The final part of just-drinks' December management briefing, looking back over the past 12 months, reviews what 2011 meant for the global wine industry. Ben Cooper reports.

The year began on an uplifting note for the wine industry as a report from Rabobank suggested it was turning the corner, with prices recovering and a better balance between supply and demand.

However, some high-profile divestments gave something of a contrasting picture. 

In February, Constellation Brands completed the sale of its Australian, UK and South African wine interests to private equity group CHAMP for AUD290m (US$290.8m), the operations being renamed Accolade Wines.

Constellation’s rationale, that these interests were “no longer consistent with Constellation’s strategy”, reopened the debate about whether the wine business can match the profit expectations of public companies. 

E&J Gallo, which reclaimed the mantle as the world’s largest wine company by volume as a result of Constellation’s move, was not slow to venture an opinion. Stephanie Gallo, marketing vice president and a grand-daughter of co-founder Ernest Gallo, said in February that remaining family-owned was "critically important" for the company’s success, enabling it to "innovate and develop relationships for the long term, without having to answer to the demands of Wall Street".

March saw Brown-Forman line up the sale of its Fetzer wine business to Chilean wine producer Viña Concha y Toro for US$238m. The sale comprised all of Brown-Forman's Californian wine assets, including Fetzer and the Bonterra, Jekel, Bel Arbor, Coldwater Creek and Sanctuary brands, which generated revenues in 2010 of US$156m.

Brown-Forman CEO Paul Varga said the company would be best served by redirecting its resources to "those opportunities around the world which offer stronger growth and higher returns on invested capital".

The Fetzer deal concluded in April and a month later Foster's Group completed the demerger of its wine operations which included the Rosemount and Penfolds wine businesses. Treasury Wine Estates was valued at around AUD2.1bn (US$2.3bn) on the day of the float.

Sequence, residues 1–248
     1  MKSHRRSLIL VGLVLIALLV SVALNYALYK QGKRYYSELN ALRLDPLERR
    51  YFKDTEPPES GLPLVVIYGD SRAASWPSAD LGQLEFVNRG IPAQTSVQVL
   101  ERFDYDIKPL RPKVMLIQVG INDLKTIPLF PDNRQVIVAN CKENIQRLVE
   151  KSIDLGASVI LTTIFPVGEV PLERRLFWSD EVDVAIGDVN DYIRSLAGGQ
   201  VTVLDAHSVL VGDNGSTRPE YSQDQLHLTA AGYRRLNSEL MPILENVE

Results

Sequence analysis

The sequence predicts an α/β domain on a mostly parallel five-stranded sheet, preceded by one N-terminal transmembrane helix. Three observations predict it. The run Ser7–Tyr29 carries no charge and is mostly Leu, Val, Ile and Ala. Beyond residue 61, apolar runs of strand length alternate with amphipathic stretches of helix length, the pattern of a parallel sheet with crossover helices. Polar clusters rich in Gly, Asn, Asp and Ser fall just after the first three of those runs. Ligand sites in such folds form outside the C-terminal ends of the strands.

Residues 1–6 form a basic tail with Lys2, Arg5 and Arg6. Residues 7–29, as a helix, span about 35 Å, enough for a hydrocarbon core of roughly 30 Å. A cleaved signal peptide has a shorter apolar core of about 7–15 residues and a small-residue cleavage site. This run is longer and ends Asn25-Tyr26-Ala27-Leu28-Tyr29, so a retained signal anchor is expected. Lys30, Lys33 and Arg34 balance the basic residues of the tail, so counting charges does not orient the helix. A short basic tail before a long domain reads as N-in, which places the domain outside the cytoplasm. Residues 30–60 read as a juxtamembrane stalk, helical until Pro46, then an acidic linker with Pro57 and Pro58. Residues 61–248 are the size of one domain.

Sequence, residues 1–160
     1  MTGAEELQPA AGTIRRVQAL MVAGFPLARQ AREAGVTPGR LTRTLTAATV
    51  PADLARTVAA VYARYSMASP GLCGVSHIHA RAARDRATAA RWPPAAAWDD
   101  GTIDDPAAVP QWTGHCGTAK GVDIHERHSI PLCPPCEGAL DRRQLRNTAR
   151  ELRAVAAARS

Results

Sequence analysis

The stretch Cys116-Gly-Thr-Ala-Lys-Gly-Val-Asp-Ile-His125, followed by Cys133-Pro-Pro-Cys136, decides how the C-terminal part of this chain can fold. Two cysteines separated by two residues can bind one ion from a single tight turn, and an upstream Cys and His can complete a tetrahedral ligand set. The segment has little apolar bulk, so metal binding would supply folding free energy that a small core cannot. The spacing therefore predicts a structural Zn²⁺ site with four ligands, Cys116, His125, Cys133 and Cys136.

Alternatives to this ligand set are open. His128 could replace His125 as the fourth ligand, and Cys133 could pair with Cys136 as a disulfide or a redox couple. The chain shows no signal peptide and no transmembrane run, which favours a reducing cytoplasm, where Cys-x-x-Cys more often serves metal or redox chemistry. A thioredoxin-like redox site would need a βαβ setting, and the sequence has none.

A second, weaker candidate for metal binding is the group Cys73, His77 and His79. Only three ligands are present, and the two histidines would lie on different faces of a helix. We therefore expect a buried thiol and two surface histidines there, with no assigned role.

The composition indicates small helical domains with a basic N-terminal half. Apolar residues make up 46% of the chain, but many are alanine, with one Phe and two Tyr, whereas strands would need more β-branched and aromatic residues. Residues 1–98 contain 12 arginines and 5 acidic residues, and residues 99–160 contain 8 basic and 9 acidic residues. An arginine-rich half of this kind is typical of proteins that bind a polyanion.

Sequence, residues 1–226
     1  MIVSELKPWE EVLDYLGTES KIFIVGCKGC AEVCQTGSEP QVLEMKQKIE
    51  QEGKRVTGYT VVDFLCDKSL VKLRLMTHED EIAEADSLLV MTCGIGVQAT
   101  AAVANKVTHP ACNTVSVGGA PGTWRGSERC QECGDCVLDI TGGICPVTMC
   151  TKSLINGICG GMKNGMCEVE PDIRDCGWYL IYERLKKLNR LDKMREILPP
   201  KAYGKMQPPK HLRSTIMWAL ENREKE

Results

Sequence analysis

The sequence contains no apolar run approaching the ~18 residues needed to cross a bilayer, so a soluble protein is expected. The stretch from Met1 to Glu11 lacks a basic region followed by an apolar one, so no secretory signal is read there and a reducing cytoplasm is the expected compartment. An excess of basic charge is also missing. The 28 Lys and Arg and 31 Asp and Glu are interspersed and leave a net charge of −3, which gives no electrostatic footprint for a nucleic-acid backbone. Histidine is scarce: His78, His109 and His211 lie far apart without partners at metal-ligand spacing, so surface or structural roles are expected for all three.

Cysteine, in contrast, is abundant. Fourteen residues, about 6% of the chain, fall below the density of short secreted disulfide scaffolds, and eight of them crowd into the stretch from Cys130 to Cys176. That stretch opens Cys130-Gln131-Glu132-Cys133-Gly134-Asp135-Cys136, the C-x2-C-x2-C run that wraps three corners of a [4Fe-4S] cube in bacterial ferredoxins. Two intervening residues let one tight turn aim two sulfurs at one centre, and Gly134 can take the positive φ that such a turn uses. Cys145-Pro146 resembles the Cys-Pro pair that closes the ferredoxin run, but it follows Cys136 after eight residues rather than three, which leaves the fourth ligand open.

At the same time, Rémy Cointreau was selling off its Champagne brands to Société Européenne de Participations, a family-owned company with interests in upmarket clothing and footwear, for an enterprise value of EUR412.2m (US$593.6m), in addition to paying off debts of around EUR240m owed by the unit to Rémy Cointreau. These operations generated revenues of EUR103.6m in the year to March.

EPI said this was a "very favourable environment" for the Champagne market, and a stream of 'good news' stories on Champagne suggests this was not post-takeover exuberance. 

In March, May and June respectively, Lanson-BCC, Champagne Nicolas Feuillatte and Laurent-Perrier reported strong rises in full-year profits, on the back of recovering demand for Champagne. 

In May, the Comité Interprofessionnel des Vins de Champagne (CIVC) said worldwide Champagne sales rose by 18.7% in volume during the first quarter of 2011.

Champagne Jacquart CEO Laurent Reintau told just-drinks that Champagne was rebounding faster from the global economic downturn than after previous crises, but the industry still faced a challenge to win over emerging market consumers. With that in mind, the CIVC opened an office in Russia in May and announced plans to do the same in Brazil.

Champagne was not the only French wine region to report a brighter outlook. 

In March, the Conseil Interprofessionel du Vin du Bordeaux (CIVB) said exports had risen by 14% and 17% in volume and value respectively in 2010, and reported further growth in June for the first quarter.

The Côtes du Rhône and Burgundy regions also had good news to report.

However, concerns over reforms in EU wine regulations were articulated by France's agriculture minister, Bruno Le Maire, at the opening of the Vinexpo wine show. The liberalisation of planting rights across the EU risked a wine glut, he warned.

Over-production was a prime reason why Europe found it difficult to compete during the New World wine boom, though New World progress this year was mixed.

Argentina and, the impact of a strong peso notwithstanding, Chile reported growth, while Brazil's prospects as a wine exporter also appear to be in the ascendancy.